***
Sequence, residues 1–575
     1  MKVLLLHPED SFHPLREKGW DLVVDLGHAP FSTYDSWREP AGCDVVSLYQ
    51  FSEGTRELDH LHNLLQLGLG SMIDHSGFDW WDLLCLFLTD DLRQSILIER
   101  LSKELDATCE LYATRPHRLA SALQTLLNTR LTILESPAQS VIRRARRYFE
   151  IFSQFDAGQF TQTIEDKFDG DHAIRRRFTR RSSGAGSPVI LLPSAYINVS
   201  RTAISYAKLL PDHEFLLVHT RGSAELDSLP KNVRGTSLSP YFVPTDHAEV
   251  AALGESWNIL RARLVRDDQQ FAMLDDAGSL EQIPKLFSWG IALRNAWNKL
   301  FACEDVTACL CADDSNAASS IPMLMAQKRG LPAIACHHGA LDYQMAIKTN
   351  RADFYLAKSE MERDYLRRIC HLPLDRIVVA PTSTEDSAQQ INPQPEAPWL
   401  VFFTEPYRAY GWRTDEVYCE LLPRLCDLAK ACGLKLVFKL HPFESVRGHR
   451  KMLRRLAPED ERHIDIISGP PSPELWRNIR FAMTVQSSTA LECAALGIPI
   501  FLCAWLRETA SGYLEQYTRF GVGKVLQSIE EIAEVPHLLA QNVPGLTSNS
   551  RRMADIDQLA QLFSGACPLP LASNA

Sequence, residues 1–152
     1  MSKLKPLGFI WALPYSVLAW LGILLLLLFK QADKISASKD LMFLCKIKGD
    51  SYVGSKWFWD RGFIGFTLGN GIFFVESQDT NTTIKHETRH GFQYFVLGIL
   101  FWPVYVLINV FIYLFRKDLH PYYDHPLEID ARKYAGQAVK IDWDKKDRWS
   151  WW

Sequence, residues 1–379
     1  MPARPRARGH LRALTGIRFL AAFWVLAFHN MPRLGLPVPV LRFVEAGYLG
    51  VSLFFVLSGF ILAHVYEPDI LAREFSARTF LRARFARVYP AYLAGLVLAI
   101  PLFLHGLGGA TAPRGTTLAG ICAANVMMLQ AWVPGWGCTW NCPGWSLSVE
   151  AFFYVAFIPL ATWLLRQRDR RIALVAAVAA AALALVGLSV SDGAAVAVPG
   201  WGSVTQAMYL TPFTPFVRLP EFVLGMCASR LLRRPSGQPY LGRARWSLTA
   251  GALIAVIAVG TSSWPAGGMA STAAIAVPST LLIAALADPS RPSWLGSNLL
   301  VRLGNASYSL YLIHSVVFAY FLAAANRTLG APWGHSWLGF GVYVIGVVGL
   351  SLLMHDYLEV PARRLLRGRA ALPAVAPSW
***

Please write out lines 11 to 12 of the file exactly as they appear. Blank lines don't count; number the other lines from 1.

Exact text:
   451  KMLRRLAPED ERHIDIISGP PSPELWRNIR FAMTVQSSTA LECAALGIPI
   501  FLCAWLRETA SGYLEQYTRF GVGKVLQSIE EIAEVPHLLA QNVPGLTSNS